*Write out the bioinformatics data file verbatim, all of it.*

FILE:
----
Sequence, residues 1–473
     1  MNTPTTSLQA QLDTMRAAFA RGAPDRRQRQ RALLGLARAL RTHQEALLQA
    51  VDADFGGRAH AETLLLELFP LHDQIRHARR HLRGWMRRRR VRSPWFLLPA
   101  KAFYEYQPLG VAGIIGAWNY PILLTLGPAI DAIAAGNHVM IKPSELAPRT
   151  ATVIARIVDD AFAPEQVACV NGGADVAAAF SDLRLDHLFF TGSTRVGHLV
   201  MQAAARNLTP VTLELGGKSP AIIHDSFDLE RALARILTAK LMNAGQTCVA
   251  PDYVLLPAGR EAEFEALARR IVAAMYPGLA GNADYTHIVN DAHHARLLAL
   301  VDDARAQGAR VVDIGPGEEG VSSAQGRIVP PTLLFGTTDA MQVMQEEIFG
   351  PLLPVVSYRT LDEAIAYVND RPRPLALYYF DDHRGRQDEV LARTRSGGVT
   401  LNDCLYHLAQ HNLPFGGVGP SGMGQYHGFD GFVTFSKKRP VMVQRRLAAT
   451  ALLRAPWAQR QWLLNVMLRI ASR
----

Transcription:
Sequence, residues 1–473
     1  MNTPTTSLQA QLDTMRAAFA RGAPDRRQRQ RALLGLARAL RTHQEALLQA
    51  VDADFGGRAH AETLLLELFP LHDQIRHARR HLRGWMRRRR VRSPWFLLPA
   101  KAFYEYQPLG VAGIIGAWNY PILLTLGPAI DAIAAGNHVM IKPSELAPRT
   151  ATVIARIVDD AFAPEQVACV NGGADVAAAF SDLRLDHLFF TGSTRVGHLV
   201  MQAAARNLTP VTLELGGKSP AIIHDSFDLE RALARILTAK LMNAGQTCVA
   251  PDYVLLPAGR EAEFEALARR IVAAMYPGLA GNADYTHIVN DAHHARLLAL
   301  VDDARAQGAR VVDIGPGEEG VSSAQGRIVP PTLLFGTTDA MQVMQEEIFG
   351  PLLPVVSYRT LDEAIAYVND RPRPLALYYF DDHRGRQDEV LARTRSGGVT
   401  LNDCLYHLAQ HNLPFGGVGP SGMGQYHGFD GFVTFSKKRP VMVQRRLAAT
   451  ALLRAPWAQR QWLLNVMLRI ASR